Schwabisch Hall: German town in PR talent drive

Schwabisch Hall

The sleepy German town of Schwabisch Hall was short of skilled workers so it appealed to job hunters from across Europe, and was flooded with applications from thousands of hopefuls.

Wrapped in a big white apron, Catia Cruz is putting the finishing touches to some plates of lobster salad.

Another chef, his face shining with sweat, tells her where to find the dressing. Sounding slightly exasperated, he switches from German to English to make himself understood.

Catia is still learning the ropes in this busy kitchen in the southern German town of Schwabisch Hall.

The 28-year-old Portuguese cook from a small town outside Lisbon only moved here recently but she is part of a growing army of skilled young people from southern Europe who have been lured north, to work in Germany.

With its cobbled streets winding down to the river and its handsome half-timbered houses, Schwabisch Hall is a chocolate-box pretty town. It was built centuries ago on the wealth of the white gold from the medieval salt mines.

Today, this corner of Europe is still flourishing. The state of Baden-Wurttemberg is home to many of the small and medium-sized family enterprises - the famous Mittelstand - which are the backbone of Germany's export economy. There is just one problem - a severe shortage of skilled labour.

In fact there were so many vacancies in the region that the town's mayor decided to take action.

In January he launched a PR offensive and invited journalists from all over southern Europe to his city, including a young reporter from Portugal.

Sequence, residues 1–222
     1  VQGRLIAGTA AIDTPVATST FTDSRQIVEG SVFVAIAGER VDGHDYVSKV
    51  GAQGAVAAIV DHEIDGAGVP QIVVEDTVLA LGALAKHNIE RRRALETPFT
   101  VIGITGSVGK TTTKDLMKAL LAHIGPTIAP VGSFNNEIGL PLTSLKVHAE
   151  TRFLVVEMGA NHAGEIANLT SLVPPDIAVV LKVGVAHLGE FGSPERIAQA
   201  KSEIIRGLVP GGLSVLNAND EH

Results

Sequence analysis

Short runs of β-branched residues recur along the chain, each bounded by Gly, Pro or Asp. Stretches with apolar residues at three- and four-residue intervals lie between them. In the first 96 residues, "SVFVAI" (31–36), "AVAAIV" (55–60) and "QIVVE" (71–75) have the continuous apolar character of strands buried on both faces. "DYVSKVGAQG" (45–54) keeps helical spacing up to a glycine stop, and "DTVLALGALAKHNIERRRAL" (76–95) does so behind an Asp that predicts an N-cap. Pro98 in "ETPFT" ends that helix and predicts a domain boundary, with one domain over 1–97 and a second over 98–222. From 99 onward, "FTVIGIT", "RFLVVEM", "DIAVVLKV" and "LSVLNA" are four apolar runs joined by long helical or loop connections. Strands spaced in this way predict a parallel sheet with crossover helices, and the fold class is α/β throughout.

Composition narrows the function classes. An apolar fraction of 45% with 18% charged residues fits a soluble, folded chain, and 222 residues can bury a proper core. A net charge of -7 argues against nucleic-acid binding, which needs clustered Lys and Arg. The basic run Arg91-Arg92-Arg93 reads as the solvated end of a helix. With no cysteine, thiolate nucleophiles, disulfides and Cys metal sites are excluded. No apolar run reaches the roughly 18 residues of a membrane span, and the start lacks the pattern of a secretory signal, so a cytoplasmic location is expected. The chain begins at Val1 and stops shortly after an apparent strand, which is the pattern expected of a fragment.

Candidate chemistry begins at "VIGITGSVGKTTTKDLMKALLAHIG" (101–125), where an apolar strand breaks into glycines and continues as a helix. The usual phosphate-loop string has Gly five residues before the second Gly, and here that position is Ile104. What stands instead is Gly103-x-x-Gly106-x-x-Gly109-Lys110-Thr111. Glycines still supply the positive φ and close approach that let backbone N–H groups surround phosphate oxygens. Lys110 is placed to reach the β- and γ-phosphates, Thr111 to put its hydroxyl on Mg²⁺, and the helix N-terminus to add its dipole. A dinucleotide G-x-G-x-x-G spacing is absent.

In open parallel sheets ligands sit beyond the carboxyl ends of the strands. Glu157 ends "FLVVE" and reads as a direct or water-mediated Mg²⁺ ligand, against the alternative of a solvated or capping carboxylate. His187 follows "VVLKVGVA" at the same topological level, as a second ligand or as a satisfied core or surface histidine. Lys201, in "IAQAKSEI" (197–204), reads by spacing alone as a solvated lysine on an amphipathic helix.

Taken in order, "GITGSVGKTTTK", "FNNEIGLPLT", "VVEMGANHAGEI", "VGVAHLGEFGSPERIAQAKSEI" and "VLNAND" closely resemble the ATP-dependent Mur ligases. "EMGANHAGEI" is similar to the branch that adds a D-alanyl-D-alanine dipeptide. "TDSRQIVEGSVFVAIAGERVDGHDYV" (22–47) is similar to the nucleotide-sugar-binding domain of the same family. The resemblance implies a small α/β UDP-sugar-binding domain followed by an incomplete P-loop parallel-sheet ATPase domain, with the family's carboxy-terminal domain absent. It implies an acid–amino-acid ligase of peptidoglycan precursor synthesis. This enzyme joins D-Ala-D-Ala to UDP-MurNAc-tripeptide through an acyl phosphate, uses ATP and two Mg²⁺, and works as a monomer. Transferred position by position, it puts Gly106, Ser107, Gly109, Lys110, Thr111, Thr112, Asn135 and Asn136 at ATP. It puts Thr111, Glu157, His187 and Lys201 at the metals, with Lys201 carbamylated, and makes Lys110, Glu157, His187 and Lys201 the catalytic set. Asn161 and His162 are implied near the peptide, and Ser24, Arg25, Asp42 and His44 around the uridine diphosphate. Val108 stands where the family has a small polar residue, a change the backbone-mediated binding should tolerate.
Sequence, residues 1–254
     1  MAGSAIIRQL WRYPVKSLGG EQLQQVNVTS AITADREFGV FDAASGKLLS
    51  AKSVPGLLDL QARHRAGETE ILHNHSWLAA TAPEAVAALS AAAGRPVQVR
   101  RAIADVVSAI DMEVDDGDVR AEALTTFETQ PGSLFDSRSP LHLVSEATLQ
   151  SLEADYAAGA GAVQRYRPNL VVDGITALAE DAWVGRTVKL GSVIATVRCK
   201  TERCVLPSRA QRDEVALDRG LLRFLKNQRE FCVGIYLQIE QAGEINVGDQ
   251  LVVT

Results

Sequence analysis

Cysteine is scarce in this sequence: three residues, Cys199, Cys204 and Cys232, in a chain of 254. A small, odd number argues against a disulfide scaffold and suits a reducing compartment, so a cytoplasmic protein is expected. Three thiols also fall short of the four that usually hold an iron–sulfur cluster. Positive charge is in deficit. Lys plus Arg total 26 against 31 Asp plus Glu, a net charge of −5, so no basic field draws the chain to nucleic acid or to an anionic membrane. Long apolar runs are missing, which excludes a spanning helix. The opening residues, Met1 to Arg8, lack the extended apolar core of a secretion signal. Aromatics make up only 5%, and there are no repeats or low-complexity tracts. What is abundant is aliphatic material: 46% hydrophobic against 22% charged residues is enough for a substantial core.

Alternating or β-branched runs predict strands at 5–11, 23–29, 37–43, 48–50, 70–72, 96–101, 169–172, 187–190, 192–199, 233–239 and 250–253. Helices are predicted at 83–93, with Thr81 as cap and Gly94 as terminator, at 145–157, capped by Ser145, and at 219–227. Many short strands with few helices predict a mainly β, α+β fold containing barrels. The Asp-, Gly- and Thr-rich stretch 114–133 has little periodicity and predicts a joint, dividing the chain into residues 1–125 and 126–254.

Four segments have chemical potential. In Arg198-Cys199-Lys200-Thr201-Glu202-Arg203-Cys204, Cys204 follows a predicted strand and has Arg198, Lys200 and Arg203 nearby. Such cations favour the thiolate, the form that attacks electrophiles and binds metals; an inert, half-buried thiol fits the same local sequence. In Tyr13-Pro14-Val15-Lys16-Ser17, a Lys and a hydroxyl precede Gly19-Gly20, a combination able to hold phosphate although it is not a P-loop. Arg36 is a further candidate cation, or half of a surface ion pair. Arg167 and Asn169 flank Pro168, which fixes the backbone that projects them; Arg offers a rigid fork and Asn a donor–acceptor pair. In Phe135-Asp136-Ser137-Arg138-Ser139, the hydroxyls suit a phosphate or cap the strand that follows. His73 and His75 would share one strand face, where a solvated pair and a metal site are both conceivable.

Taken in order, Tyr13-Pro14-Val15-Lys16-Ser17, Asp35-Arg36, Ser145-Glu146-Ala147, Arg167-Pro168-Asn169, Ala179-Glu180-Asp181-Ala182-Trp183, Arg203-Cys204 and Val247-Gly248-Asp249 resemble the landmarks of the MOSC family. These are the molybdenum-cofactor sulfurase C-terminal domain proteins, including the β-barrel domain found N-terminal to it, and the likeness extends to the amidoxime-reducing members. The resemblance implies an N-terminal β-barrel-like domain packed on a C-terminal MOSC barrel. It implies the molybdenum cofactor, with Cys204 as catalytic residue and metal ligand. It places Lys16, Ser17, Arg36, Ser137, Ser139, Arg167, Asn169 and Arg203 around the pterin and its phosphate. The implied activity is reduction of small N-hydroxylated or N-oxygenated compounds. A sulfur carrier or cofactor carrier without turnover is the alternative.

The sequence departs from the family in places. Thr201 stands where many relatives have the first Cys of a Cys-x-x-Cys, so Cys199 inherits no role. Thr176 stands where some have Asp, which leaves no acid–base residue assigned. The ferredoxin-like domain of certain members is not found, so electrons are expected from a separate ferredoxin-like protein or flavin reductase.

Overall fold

Madalena Queiros wrote a glowing article for Portugal's Diaro Economico business newspaper, which described a semi-paradise with high wages, free kindergartens and no traffic jams. Within hours, the article was all over Facebook and other social networking sites.

The response was "overwhelming", says Petra Hildenbrandt from Schwabisch Hall's employment office. Her office computers were soon struggling with 15,000 applications from Portugal alone.

"While we were struggling to process all these CVs, about 60 Portuguese people just turned up," she recalls.

"They came by plane, by train, by car or by bus, they just knocked at the door of the employment agency and of course we tried to help them."

But so far only a fraction of those who applied have actually got jobs in the area. Many did not have the right qualifications and most German companies are looking for professionals - young men like Rodrigo Garulo Galiana, fresh out of a top Madrid university.

Rodrigo is responsible for quality control at Bausch and Stroebel, a pharmaceutical equipment company just outside Schwabisch Hall.

As we walk around the gleaming factory floor, I can't help wincing when he shows me a device which produces the little syringes dentists fill with painkiller before they give you a filling.

Image caption Many migrants study the German language in classes held in the town's former prison

Rodrigo seems at ease with the machinery but I wonder how he gets on with the people.

"At the beginning some of the staff here were a little bit sceptical," he says. "Maybe because of my foreign accent they thought I wasn't as intelligent as they are but now things are better and they are friendlier."

At least Rodrigo speaks basic German. Down the road at a company which makes production lines for solar panels, another young Spanish engineer, David Costa Munoz, struggles to communicate.

But the 25-year-old says he had no choice but to leave his home town of Barcelona.

"Looking for work there was really hard - firms may invite you for an interview but they hardly ever offer you a contract."

David adds that there are fewer and fewer hi-tech companies in Spain and often trained engineers are asked to work as technicians.

In his large airy office, Bernd Spreche, the company's managing director, says it has taken a year to recruit a specialist like David, because young German engineers are snapped up by big car companies in the area like Mercedes and BMW which can pay higher salaries.